He holds him with his glittering eye--
The Wedding-Guest stood still,
And listens like a three years' child :
The Mariner hath his will.

Or perhaps they're intended to compel a response, if only an internal one. In any case, Deutsch's interview seems to confirm David Brazil's observation that "rise tones" can be used to "assert dominance and control".

Of course, not every one of the phrases in this interview is rising, and a responsible analysis (rather than a simple blog post) would try to explain the complete distribution of contours, not just present a few evocative anecdotes. The roughly 9 minutes of speech in Deutsch's four posted interview fragments may not offer enough data to distinguish among alternative hypotheses about what Mr. Deutsch's intonational repertoire really is, and how he deploys it in relation to the content and context of his communications. But he's a forceful and effective speaker with a lot on his mind, and I expect that we'll be hearing more from him in the future.

[More Deutsch links: Nick Anthis at The Scientific Activist 1/30/06, 2/6/06, 2/8/06, 2/9/06; NYT 2/8/06, NYT 2/10/06, WaPo 2/10/06, Houston Chronicle 2/10/06, Ap 1/9/06. Curiously, as of mid-day 2/11/06, searches for "Deutsch" on the Fox News and the Washington Times sites turned up nothing. ]

[Update: Several readers have written in to express some puzzlement (or disagreement) about what (they take me to be claiming as) the form and meaning of the intonational patterns involved here. Without going into detail, let me say that there are certainly several different patterns in these examples, which may differ in kind as well as in degree; and that final rises can certainly sometimes be used in asking questions, in signaling that a list isn't finished, and -- yes -- in expressing uncertainty. My main goal in this post was to undermine the widespread belief that final rises are always "question intonation", and that rises on statements must therefore represent uncertainty about their content. A much more plausible idea about final rises was proposed in McLemore (1991), where it was suggested that a metaphor of connection unifies such uses as marking non-final list items, evoking shared knowledge, and inviting a response. Whatever the correct description is, it's probably not a matter of position on scales of relative confidence and dominance. If final rises are sometimes used to signal self-doubt, or more often used for (perhaps benevolent) communicative control, it's for the same reasons that nearly any linguistic tool can be used for nearly any interactional purpose. ]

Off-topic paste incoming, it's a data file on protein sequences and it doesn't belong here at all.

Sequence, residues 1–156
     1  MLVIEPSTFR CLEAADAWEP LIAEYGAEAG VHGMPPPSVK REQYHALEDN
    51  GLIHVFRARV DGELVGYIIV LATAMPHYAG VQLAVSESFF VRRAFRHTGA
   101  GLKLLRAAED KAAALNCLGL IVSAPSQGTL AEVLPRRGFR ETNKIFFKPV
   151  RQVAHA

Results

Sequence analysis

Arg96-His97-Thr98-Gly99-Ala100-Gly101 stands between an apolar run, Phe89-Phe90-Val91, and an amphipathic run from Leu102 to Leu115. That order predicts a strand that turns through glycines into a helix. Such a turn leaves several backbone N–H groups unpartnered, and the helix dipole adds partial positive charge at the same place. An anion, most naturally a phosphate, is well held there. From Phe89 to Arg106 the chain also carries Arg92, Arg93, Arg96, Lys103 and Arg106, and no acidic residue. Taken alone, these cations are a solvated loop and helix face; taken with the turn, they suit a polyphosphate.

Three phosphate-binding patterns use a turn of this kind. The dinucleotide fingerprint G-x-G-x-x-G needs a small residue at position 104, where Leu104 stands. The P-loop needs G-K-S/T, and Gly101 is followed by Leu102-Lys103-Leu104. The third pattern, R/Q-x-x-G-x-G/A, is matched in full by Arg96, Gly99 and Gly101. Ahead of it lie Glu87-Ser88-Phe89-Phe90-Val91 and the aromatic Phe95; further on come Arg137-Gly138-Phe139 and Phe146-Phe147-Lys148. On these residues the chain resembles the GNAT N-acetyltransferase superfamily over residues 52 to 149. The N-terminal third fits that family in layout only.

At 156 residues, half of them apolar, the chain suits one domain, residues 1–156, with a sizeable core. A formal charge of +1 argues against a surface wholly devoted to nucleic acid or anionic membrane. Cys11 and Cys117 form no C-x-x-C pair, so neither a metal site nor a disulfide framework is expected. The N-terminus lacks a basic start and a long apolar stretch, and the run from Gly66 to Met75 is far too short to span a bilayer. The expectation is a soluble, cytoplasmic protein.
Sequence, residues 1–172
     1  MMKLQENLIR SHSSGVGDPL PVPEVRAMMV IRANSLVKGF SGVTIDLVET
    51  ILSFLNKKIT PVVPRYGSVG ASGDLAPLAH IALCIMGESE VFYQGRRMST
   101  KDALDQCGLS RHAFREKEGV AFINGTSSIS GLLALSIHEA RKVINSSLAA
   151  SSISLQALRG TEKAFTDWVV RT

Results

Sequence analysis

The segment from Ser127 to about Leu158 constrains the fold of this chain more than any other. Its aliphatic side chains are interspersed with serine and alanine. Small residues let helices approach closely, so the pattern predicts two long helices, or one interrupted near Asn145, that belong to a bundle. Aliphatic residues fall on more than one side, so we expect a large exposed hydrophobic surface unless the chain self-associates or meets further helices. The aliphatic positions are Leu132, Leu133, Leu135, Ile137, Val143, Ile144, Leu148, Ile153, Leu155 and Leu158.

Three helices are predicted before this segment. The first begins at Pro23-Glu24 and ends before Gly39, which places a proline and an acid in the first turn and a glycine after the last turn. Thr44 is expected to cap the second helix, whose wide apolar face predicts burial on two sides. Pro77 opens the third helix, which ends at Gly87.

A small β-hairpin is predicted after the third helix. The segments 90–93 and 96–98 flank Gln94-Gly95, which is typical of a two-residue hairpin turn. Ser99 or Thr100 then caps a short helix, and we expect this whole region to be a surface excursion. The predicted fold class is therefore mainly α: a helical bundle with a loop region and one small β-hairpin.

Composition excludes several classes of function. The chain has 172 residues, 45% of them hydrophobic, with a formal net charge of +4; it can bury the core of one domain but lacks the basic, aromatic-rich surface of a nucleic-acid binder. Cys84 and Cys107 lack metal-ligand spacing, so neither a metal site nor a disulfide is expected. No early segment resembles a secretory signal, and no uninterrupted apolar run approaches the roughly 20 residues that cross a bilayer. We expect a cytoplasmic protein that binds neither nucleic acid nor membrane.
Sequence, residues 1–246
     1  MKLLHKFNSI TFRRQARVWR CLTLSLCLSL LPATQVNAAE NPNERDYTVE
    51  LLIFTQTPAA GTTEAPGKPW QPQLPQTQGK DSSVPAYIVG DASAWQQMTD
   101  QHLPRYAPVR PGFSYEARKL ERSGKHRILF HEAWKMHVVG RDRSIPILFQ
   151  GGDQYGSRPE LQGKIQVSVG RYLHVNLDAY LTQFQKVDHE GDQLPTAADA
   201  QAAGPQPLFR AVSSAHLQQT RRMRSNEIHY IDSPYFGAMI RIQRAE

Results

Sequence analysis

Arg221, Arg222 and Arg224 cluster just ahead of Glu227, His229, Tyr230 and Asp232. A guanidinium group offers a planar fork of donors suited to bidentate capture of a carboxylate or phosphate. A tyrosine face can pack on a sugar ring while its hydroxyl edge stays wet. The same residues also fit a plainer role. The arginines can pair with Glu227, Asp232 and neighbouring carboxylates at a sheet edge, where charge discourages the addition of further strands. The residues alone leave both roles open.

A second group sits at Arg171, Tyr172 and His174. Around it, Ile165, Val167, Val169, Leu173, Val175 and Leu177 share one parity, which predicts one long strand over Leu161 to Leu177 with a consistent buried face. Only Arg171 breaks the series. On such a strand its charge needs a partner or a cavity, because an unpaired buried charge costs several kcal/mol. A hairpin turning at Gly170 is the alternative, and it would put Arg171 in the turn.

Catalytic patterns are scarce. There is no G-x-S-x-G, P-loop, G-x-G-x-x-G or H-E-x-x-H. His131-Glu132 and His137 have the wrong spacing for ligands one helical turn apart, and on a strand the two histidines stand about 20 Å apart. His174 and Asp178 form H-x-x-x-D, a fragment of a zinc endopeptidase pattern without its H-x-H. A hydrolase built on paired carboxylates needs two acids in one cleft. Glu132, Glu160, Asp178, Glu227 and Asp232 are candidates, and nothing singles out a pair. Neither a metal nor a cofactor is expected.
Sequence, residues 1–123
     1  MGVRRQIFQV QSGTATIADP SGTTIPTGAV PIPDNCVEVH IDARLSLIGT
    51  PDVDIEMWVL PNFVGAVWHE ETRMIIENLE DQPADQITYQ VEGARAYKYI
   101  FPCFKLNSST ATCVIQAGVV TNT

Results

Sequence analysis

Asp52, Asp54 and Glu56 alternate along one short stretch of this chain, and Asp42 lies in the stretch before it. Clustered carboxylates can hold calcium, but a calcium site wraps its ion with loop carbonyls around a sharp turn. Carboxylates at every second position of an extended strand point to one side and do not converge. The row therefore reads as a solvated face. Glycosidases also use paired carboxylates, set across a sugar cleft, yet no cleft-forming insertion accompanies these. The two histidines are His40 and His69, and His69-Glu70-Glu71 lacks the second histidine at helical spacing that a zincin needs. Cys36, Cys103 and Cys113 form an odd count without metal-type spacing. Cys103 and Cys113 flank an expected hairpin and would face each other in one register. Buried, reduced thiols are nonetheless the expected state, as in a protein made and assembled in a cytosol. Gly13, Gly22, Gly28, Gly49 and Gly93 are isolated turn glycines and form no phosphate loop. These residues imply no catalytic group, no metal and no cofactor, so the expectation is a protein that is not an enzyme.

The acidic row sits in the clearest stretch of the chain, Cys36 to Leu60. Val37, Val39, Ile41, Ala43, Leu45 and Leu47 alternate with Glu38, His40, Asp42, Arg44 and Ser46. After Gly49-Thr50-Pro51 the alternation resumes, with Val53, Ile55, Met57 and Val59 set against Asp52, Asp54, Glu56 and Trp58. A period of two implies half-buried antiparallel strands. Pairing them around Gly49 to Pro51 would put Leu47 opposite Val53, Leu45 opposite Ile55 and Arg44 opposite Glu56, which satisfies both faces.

[Other Language Log "uptalk" posts:

This is, like, such total crap? (5/15/2005)
Uptalk uptick (12/15/2005)
Further thoughts on "the Affect" (3/22/2006)
Uptalk is not HRT (3/28/2006)


Posted by Mark Liberman at February 11, 2006 10:23 AM